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The Personal Savings Allowance explained

Posted on 07 Apr 2016 by Chris Torney

NB: The rates of return quoted are accurate on the date of this blog post’s publication.

A revolutionary change has just been introduced that will help peer-to-peer lenders reduce the amount of tax they pay. At the start of the new tax year on 6 April, the Personal Savings Allowance (PSA) came into effect: this means that most of us can now earn up to £1,000 interest every financial year without being charged any income tax.

More details are in the government Personal Savings Allowance factsheet.

How the system used to work

Until this week, any income received from savings returns or interest on P2P loans was subject to income tax. If your annual earnings, including interest, were less than the annual personal allowance – which was £10,600 in 2015-16 and has now risen to £11,000 – you wouldn’t have to pay any income tax.

But income above this level is taxed at a basic rate of 20%, rising to 40% and then 45% for higher earners. In practice, most people’s savings and loan interest were taxed at 20% and, as a default, banks and other financial platforms deducted tax at this rate automatically. Higher- and top-rate taxpayers then had to pay any extra tax through the self-assessment system.

What impact the PSA will have

The PSA should make the whole system a lot simpler. It means that, for basic-rate taxpayers, they can earn £1,000 in interest with no tax to pay. Higher-rate taxpayers only have a tax-free allowance of £500, while those in the top 45% band get no allowance at all.

This should mean that for most people, all the interest they earn in a given year will now be tax-free. As such, banks and other finance companies will no longer automatically deduct tax at 20%.

The government says that these businesses will pass on information about their customers to HM Revenue & Customs: people whose earned interest is above their PSA will then have the tax they owe collected by having their tax codes changed.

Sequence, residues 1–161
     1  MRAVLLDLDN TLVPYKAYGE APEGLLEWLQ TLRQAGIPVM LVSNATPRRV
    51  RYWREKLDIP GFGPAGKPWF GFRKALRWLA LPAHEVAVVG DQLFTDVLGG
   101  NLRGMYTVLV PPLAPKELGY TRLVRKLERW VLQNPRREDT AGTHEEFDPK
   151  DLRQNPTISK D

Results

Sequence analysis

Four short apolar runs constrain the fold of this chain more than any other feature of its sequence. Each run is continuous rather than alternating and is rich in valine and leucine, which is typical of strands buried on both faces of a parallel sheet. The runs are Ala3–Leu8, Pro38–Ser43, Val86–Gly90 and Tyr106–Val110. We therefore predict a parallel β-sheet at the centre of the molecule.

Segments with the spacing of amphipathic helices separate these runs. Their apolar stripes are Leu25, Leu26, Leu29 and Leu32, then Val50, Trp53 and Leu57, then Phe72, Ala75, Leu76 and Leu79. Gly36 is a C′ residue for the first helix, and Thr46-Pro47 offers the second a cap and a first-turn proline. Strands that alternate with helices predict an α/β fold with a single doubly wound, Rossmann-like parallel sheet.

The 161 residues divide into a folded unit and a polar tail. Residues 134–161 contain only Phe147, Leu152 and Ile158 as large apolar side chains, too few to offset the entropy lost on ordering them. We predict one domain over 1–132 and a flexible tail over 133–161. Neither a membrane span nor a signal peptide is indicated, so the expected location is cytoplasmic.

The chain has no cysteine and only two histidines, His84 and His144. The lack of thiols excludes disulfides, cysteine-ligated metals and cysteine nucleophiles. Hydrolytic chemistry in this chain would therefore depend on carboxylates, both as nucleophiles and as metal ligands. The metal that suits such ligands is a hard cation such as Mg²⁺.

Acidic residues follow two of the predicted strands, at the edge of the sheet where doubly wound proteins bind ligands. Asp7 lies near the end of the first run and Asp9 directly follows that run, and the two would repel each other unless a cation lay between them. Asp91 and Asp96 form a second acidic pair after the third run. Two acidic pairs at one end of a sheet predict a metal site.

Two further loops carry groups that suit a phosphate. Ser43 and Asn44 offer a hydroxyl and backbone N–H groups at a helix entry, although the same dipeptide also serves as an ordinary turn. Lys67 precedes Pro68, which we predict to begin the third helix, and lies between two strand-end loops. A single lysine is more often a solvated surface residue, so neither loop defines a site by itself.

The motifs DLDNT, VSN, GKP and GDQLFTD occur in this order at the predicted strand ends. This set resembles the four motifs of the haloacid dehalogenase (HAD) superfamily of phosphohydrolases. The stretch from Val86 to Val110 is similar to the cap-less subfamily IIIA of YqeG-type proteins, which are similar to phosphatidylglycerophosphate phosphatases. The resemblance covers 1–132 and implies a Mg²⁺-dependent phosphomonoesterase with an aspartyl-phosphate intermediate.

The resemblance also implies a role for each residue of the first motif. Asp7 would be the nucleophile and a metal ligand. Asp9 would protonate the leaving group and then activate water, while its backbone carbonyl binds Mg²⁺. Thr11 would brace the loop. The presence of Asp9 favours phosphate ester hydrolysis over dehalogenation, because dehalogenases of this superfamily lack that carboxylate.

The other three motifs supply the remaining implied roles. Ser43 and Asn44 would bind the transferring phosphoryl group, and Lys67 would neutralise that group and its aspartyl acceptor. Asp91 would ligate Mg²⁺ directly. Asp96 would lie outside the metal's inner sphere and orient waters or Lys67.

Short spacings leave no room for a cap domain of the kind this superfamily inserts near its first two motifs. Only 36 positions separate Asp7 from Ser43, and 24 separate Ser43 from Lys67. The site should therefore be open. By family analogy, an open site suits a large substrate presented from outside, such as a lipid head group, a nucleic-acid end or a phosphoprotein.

Will I have to pay any tax on the interest I receive?

The PSA applies to the amount of interest you earn: this will depend on how much capital you have saved or lent, as well as the rate of return you get.

When it comes to cash savings, rates are so low at the moment that you would need a large amount on deposit before your PSA ran out. With best-buy instant-access accounts paying around 1.3% a year, you would need savings of more than £75,000 to breach the £1,000 limit for basic-rate taxpayers.

The Personal Savings Allowance and your Zopa lending

On P2P loans, however, the returns are higher, so it is easier to use up the PSA. For example, a basic-rate taxpayer using the Zopa Access product (with expected returns of 3.5% a year) would be able to lend around £29,000 without paying any tax.

For Zopa Classic, paying 4.5% a year, the figure falls to £22,000, while for Zopa Plus (6.5%), roughly £15,000 can be advanced before income tax kicks in.

For higher-rate taxpayers, the respective amounts are £14,500, £11,0000 and £7,500 as they only get half the allowance.

Here’s a breakdown of what you can lend tax-free at Zopa under the Personal Savings Allowance:

Access Classic Plus
Return 3.5% 4.5% 6.5%
PSA basic £29,000 £22,000 £15,000
PSA higher £14,500 £11,000 £7,500
Current projected return after expected defaults
PSA basic:
Approximate amount that you could invest as a basic rate tax payer in order to earn £1,000 tax-free interest
PSA higher:
Approximate amount that you could invest as a higher rate tax payer in order to earn £500 tax-free interest

And finally…

One extra piece of good news: you don’t need to do anything to qualify for the PSA as it is applied automatically.

Find out more about tax-free lending at Zopa.

Category: Industry news
Tags: tax-free, personal savings allowance, zopa explains

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